Cognitive Aging and Long-Term Maintenance of Attentional Improvements Following Meditation Training
Anthony P. Zanesco1 & Brandon G. King2,3 & Katherine A. MacLean3 & Clifford D. Saron3,4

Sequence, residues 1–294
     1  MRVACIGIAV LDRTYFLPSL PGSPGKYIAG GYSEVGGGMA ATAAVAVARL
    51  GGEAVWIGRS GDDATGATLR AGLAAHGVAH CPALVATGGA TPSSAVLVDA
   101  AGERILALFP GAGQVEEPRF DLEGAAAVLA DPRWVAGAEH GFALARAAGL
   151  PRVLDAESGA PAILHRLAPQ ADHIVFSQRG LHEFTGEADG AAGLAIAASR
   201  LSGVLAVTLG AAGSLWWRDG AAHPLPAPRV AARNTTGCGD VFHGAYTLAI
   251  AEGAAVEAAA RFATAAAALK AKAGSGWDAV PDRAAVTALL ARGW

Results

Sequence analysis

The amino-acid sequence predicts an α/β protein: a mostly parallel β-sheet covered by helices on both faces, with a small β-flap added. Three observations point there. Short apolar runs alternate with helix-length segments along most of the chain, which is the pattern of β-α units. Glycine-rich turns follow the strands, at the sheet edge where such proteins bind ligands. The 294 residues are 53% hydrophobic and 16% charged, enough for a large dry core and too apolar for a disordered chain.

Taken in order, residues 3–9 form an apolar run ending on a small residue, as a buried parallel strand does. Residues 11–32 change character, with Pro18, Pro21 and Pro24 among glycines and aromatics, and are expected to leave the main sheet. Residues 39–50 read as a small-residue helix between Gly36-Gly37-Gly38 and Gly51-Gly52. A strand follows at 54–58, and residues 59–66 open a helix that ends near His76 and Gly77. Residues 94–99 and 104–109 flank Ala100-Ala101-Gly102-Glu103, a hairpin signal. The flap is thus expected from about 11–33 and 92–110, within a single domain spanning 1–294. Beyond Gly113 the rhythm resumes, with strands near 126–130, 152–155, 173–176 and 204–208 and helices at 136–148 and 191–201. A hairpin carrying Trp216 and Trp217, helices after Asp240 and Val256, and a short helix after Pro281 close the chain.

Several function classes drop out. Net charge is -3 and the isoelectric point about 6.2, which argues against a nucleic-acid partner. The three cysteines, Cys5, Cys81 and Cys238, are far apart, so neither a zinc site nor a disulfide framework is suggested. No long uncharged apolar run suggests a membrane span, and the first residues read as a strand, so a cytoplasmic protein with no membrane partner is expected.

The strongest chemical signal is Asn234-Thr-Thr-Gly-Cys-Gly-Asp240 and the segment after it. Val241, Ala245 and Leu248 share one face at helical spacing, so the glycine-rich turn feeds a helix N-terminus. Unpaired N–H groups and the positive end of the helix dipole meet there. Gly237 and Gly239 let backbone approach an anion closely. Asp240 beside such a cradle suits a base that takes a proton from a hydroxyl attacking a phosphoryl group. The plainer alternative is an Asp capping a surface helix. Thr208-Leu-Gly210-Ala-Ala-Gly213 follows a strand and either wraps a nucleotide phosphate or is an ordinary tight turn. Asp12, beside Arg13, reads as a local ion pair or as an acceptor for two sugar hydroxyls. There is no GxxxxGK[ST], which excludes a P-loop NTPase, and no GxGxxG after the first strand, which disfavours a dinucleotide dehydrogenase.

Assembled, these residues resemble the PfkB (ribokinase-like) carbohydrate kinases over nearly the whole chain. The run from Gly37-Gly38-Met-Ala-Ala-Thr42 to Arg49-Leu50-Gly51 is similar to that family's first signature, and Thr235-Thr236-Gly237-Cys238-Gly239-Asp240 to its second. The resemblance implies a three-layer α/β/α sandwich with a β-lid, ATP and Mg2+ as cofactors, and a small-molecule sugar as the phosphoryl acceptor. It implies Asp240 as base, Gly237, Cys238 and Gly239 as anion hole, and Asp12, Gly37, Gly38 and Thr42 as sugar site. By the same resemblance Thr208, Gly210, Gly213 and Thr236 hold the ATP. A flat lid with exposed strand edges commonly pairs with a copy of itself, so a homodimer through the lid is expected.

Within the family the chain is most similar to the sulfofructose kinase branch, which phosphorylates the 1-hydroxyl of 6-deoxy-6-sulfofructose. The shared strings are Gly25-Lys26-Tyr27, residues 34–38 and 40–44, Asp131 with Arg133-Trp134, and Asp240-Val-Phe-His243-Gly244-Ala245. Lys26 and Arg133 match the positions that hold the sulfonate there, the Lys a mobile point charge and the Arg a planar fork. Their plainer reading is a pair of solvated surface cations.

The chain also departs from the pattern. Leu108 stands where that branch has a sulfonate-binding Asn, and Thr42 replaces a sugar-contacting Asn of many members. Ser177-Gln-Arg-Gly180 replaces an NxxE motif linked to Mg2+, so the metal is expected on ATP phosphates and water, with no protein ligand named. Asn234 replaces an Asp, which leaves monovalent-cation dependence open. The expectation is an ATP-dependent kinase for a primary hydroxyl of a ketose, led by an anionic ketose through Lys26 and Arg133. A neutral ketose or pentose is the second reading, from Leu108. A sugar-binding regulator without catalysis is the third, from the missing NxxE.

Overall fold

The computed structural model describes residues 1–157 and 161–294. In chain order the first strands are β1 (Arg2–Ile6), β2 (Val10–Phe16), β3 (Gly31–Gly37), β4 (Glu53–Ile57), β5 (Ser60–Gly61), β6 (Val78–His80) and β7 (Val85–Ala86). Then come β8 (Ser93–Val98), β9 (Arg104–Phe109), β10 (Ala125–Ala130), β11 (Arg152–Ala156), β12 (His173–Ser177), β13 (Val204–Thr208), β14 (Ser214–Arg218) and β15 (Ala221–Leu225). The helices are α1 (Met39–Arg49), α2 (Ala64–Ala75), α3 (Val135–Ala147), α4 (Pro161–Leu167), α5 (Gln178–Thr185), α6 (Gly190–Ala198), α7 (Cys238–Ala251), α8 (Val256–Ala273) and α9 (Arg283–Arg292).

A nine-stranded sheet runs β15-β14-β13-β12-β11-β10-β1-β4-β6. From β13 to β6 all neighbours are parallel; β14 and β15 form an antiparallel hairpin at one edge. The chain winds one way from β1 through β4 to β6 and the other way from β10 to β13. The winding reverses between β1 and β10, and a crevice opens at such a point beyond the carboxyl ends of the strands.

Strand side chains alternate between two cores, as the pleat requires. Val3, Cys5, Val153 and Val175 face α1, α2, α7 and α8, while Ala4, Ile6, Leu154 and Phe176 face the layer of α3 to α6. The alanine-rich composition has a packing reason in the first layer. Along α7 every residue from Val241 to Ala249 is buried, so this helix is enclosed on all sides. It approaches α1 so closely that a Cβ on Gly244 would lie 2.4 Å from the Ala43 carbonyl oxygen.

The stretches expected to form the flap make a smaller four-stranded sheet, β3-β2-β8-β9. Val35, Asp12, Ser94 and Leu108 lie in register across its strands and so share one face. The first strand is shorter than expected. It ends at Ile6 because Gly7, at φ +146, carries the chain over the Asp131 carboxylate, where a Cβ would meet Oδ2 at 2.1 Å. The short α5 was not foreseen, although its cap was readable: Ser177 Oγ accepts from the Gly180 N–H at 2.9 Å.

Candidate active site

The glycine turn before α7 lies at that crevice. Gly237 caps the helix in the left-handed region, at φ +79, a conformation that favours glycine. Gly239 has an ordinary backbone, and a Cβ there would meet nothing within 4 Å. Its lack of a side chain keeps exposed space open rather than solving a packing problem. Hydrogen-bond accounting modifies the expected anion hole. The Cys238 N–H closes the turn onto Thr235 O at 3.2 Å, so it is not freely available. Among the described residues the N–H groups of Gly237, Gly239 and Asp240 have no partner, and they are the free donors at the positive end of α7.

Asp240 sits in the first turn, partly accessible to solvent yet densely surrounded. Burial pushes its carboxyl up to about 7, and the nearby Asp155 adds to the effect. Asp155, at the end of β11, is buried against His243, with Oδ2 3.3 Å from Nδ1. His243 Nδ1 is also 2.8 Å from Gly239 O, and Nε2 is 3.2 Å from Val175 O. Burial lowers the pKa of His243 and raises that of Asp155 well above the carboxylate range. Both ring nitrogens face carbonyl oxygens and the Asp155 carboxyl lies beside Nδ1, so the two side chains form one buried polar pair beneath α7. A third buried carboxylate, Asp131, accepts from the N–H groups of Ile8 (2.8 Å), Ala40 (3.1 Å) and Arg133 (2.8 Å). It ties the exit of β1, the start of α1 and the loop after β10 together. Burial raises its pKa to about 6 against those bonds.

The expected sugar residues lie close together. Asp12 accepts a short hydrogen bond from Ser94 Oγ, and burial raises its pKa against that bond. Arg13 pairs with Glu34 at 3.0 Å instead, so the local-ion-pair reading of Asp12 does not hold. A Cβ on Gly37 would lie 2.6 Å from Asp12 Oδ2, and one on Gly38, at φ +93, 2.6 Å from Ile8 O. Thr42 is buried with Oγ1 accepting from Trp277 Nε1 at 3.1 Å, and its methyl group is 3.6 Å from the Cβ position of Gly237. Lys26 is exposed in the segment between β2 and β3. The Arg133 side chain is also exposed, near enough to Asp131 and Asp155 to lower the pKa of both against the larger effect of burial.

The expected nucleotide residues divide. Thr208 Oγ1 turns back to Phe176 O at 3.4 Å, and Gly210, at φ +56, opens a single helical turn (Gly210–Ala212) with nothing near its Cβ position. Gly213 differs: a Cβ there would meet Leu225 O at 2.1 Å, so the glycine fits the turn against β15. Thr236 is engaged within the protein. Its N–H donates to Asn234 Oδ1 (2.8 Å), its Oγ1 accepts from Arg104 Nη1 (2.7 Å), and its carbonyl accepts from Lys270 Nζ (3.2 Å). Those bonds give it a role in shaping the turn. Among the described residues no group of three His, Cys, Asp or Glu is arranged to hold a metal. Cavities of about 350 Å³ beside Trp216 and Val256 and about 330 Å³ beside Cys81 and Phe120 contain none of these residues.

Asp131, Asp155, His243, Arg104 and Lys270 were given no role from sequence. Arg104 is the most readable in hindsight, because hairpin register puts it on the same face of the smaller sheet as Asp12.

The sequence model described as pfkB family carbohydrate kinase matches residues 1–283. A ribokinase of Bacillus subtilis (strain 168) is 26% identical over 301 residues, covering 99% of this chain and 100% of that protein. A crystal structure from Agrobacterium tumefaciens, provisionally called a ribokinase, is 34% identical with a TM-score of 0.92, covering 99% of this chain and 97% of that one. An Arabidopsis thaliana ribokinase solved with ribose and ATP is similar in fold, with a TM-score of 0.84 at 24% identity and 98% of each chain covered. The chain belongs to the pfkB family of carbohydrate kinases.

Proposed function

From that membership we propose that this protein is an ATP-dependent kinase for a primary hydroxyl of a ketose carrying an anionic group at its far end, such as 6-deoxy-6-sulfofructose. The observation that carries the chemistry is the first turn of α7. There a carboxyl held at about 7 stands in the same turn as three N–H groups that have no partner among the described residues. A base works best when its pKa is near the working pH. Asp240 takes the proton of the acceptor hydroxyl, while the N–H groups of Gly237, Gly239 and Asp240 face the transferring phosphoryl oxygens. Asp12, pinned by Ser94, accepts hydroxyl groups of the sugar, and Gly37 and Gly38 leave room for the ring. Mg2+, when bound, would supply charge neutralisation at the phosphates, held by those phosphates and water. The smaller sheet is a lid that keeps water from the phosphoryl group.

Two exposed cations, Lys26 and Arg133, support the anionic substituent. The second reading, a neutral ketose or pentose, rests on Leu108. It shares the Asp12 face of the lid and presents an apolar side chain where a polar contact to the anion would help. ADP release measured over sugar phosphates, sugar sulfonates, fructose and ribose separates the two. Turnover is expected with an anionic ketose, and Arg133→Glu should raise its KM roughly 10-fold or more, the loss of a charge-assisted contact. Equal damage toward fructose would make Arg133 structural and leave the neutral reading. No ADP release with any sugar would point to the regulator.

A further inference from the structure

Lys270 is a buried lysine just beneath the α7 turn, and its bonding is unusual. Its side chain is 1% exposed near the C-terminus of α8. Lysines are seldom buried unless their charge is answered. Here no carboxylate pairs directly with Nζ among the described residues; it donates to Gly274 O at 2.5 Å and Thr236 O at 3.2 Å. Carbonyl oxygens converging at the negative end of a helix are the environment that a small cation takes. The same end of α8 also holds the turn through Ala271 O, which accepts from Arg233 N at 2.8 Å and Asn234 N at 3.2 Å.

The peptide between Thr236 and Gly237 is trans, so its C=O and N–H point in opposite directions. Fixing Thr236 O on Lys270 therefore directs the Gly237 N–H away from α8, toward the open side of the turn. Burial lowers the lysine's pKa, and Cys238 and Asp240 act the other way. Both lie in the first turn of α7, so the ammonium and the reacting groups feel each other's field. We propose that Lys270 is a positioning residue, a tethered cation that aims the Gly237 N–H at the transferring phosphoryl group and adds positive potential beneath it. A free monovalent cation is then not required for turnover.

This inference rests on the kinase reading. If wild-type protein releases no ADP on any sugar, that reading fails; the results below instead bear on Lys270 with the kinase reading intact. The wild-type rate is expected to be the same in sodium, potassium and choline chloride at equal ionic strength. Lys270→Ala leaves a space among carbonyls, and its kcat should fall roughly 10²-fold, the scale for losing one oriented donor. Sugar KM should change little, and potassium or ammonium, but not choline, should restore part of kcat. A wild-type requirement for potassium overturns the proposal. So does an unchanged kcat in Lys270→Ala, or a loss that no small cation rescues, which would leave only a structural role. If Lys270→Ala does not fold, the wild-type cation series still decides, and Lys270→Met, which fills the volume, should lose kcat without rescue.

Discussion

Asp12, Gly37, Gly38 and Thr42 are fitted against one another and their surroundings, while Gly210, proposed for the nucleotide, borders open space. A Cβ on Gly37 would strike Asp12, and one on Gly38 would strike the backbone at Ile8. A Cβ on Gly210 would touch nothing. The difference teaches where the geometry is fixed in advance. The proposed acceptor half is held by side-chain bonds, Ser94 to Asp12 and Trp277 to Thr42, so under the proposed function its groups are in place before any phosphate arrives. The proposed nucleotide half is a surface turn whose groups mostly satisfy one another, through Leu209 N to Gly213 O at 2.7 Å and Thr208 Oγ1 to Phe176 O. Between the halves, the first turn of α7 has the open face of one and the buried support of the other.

Sustained attention is effortful, demanding, and subject to limitations associated with age-related cognitive decline. Researchers have sought to examine whether attentional capacities can be enhanced through directed mental training, with a number of studies now offering evidence that meditation practice may facilitate generalized improvements in this domain. However, the extent to which attentional gains are maintained following periods of dedicated meditation training and how such improvements are moderated by processes of aging have yet to be characterized. In a prior report (Sahdra et al., Emotion 11, 299–312, 2011), we examined attentional performance on a sustained response inhibition task before, during, and after 3-months of full-time meditation. We now extend this prior investigation across additional follow-up assessments occurring up to 7 years after the conclusion of training. Performance improvements observed during periods of intensive practice were partially maintained several years later. Importantly, aging-related decrements in measures of response inhibition accuracy and reaction time vari- ability were moderated by levels of continued meditation practice across the follow-up period. The present study is the first to offer evidence that intensive and continued meditation practice is associated with enduring improvements in sustained attention and response inhibition, with the potential to alter longitudinal trajectories of cognitive change across the lifespan.